Vocademy | The Makerspace

What is Worbla?

Cosplay-in-progress: D3 Demon Hunter by Lightning Cosplay, from Worbla.com
Lightning Cosplay’s finished D3 Demon Hunter cosplay, from Worbla.com.

People have seen “Worbla” pop up on our class calendar a few times now, and it leaves most people wondering what
it is and what they can do with it. Worbla is a thermoplastic that comes in various sized sheets. It’s become a popular material for people who cosplay, because ease of use makes creating realistic looking armor and props a snap. But it is also used for making sculptures, toys, masks, and jewelry.

Using plaster rolls to make a mannequin of my torso, which I will be using next week to form my Worbla armor piece (will post more progress images next week).

Using it can be simple once you learn the basics and get a bit of practice: create a paper pattern (whether it is
for a Halloween costume, scroll work for a walking stick, or a pendant to be worn on a necklace) and trace the pattern onto the Worbla with a Sharpie marker or a pen. Use scissors or a hot knife to cut the pattern out of the Worbla. Using a heat gun, you can then apply heat to shape the thermoplastic to the desired form. Right now, I am working on a Faun (half human, half goat/hooved animal) cosplay which will have an armor-like torso piece made with Worbla. I created a plaster mannequin of my own body (duct tape mannequins are also a frequently used method) which I will be using to form and mold the Worbla, I will be posting progress pictures next week.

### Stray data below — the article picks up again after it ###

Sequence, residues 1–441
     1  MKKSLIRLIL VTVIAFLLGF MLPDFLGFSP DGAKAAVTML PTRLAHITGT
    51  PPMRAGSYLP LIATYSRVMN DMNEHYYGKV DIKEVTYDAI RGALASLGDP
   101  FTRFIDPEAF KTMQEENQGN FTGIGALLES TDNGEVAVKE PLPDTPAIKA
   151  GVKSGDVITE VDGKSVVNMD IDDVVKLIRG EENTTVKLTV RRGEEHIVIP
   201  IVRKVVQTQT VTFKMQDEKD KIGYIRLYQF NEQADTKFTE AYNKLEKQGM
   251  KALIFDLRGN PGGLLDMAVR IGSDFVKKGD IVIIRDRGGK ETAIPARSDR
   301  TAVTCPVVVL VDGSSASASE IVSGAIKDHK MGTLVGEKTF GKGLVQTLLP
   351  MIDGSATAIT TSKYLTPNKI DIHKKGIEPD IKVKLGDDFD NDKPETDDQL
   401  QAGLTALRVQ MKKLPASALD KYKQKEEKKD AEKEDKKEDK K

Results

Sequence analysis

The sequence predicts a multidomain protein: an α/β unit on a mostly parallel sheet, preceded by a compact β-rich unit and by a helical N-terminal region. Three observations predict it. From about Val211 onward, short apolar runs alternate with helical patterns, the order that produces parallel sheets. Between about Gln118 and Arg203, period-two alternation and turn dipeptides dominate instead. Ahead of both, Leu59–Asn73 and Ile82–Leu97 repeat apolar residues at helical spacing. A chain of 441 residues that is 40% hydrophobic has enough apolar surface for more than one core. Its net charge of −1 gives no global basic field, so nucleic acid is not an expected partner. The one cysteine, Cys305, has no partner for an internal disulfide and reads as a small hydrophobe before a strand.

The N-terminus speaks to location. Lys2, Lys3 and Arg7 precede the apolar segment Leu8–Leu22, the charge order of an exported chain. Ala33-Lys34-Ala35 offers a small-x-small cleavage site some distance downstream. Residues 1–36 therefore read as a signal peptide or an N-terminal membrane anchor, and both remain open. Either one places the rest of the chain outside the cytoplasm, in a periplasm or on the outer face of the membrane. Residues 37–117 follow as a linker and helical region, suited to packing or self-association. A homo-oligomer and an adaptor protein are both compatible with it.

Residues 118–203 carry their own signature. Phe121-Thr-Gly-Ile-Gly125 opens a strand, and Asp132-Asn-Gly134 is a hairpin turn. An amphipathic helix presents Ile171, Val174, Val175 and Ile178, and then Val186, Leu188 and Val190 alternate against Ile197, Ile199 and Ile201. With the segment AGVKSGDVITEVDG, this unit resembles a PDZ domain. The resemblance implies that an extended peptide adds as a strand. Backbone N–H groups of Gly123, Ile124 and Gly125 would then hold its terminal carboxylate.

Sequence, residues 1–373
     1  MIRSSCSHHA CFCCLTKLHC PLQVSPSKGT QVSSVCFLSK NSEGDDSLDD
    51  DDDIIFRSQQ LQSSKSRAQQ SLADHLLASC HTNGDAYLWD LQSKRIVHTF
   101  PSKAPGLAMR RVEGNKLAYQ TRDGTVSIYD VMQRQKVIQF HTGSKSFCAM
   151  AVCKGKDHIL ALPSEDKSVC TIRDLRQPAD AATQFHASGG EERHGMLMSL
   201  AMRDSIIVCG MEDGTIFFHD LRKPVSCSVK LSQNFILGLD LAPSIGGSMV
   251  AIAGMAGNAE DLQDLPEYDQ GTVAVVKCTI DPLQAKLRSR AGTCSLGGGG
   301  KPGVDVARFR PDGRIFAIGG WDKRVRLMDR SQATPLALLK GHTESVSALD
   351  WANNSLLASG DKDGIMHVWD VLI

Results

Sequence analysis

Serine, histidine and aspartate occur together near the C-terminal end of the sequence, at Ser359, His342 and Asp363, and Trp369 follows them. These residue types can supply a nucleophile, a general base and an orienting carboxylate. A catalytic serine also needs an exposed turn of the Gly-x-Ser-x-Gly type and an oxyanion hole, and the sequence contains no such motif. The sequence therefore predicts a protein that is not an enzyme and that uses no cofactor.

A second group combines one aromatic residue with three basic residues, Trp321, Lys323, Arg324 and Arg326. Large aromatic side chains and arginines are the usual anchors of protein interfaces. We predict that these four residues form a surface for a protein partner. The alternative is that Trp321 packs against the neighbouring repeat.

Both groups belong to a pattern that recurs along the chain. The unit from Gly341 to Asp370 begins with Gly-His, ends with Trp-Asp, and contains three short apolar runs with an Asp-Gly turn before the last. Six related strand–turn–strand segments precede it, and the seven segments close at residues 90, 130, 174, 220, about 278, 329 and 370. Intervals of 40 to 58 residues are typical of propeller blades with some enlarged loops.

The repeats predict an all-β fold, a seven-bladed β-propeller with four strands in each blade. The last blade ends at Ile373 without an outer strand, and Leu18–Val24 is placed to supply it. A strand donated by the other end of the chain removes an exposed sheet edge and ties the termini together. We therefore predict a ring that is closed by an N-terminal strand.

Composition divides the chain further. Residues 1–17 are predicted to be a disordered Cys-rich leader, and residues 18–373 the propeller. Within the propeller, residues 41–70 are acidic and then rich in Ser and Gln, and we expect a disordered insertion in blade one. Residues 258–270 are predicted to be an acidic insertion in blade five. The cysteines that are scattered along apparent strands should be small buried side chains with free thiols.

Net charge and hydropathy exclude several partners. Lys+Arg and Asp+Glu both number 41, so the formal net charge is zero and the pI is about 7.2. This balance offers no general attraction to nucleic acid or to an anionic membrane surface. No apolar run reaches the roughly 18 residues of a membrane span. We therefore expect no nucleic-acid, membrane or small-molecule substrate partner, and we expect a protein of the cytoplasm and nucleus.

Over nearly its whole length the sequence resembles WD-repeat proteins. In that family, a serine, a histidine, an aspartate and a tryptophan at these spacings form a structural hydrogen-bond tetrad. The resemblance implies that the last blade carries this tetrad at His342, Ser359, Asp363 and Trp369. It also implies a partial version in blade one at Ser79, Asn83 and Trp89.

Once you have the pieces formed to match what you imagined with the original paper pattern, it is time to apply finishing techniques. Worbla can be layered, sanded, textured, hot glued, and painted with a variety of mediums from acrylic to spray paint. When the Worbla is still warm you can gently press items into it to create a desired pattern or texture. Or, when it is completely cooled, you can sand it down to the desired smoothness.

We can teach you the hands-on basics of working with Worbla – from designing a pattern, to making the proper cut of the material, heat gun and pressure techniques to mold the Worbla, and how to correctly layer – on January 25th in our WORBLA I class.
To sign up for these or any of our other Cosplay Workshop Weekend classes, call 951.266.6630.


Another Worbla work-in-progress. This Elder Scrolls Emperor armor is designed and built by The Tragic Shrew:

 

A feathered shoulder pauldron by Bambi Cosplay:

Check out more examples and get inspired at Worbla!

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